While MSF has been unable to work directly in Syria, it has collected testimonies from wounded patients treated outside the country and from doctors inside Syria. These testimonies point to a coordinated crackdown on the provision of urgent medical care for people wounded in Syria's ongoing violence. Also in this issue: MSF field journals from Gogrial and Doro in South Sudan, an interview with Emmanuel Baron, executive director of Epicentre, and photos from MSF's trauma center in Kunduz, Afghanistan.

  • Humanitarian crisis in Somalia - August 2011

    This special "Year in Pictures" issue brings you images from MSF's activities all over the world in 2011. These photos chronicle the response to the humanitarian crisis in the Horn of Africa; ongoing programs in conflict-affected areas of Afghanistan, Ivory Coast, Libya, and others; the birth of South Sudan, the world's newest nation; MSF's continuing work in the Democratic Republic of Congo; and more. Also read a new Field Journal from an MSF nurse who spent 14 months in Haiti providing care in the aftermath of the earthquake.

  • Drought and the ongoing violent conflict in Somalia have pushed people across borders and into displacement camps in huge numbers. MSF is working inside Somalia and in Kenya and Ethiopia to assist people suffering in large numbers from malnourishment and epidemic diseases. Also—a look at a growing need for measles treatment and prevention.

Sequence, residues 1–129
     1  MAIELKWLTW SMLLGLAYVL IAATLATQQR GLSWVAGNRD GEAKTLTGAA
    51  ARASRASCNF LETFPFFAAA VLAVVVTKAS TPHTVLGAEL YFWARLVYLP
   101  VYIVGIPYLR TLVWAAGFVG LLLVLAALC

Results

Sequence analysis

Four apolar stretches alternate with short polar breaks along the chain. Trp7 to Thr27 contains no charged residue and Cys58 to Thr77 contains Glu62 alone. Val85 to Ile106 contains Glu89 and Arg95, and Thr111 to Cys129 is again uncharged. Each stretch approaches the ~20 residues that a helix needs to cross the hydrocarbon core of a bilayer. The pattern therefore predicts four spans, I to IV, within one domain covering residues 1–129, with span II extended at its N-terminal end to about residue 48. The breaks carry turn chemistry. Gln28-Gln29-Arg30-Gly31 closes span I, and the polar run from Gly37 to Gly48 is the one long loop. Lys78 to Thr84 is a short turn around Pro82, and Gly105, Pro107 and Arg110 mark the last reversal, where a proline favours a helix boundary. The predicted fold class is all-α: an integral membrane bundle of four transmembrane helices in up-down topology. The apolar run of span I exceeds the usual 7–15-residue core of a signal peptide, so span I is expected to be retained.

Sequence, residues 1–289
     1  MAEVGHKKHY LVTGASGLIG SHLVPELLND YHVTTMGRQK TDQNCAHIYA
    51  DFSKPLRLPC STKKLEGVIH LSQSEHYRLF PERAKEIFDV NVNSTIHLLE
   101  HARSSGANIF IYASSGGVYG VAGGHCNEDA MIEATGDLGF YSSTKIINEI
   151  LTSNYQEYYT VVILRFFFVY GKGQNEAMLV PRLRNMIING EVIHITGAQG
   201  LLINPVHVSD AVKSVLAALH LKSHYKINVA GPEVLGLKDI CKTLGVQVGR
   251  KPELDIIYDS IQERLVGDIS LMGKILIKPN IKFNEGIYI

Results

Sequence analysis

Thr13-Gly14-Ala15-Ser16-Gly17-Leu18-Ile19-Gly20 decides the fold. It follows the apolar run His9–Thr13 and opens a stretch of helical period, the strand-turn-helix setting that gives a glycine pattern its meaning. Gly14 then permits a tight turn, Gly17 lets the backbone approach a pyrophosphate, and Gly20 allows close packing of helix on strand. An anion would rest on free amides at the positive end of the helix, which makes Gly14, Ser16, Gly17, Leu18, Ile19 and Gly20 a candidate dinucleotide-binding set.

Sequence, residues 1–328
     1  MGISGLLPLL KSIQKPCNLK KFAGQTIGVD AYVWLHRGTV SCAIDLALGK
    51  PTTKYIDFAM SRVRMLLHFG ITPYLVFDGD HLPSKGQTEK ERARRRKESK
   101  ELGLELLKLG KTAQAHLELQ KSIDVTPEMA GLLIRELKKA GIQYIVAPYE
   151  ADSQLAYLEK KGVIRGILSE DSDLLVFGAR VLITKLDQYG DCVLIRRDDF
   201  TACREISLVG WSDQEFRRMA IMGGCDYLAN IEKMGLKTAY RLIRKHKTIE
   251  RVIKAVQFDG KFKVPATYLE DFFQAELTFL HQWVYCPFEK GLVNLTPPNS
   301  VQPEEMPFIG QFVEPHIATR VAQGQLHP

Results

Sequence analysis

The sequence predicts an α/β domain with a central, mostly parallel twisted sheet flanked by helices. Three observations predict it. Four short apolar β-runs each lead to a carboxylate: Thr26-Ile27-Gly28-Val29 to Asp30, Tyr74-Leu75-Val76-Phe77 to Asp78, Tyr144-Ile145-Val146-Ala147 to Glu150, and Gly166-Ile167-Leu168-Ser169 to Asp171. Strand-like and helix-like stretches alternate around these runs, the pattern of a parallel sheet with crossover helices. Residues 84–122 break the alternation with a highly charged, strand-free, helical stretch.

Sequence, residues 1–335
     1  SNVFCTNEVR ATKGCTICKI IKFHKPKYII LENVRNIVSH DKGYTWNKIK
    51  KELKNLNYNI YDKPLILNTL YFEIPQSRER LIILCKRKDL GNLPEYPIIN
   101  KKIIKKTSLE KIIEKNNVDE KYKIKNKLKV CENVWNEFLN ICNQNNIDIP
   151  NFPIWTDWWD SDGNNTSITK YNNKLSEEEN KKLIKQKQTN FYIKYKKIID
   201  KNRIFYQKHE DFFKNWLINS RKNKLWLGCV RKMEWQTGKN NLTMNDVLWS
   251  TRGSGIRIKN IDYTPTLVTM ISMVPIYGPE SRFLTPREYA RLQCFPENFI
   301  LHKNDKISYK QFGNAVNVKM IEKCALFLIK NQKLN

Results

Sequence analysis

MSF frequently publishes updates, press releases, and other forms of communication about its work in roughly 70 countries around the world. See the list below for the most recent updates or search by location, topic, or year.



October 05, 2015

"Today the US government has admitted that it was their airstrike that hit our hospital in Kunduz and killed 22 patients and MSF staff.

September 28, 2015

A trauma center run by Doctors Without Borders/Médecins Sans Frontières (MSF) in Kunduz, Afghanistan, is treating an influx of wounded patients today. Guilhem Molinie, MSF country representative for Afghanistan, gave the following account:

September 27, 2015

Yesterday, violence erupted again in Bangui, the capital of the Central African Republic, following the killing of a Muslim man during the early morning. In total, 21 deaths have been reported and more than 100 people were wounded, although the real number could be even higher.

Doctors Without Borders/Médecins Sans Frontières (MSF) teams working in the city’s Mpoko camp, Castor hospital and Hôpital General activated mass casualty plans to cope with an influx of wounded. MSF received 75 wounded patients in all, and the teams stabilized patients and performed 15 surgeries.

September 03, 2015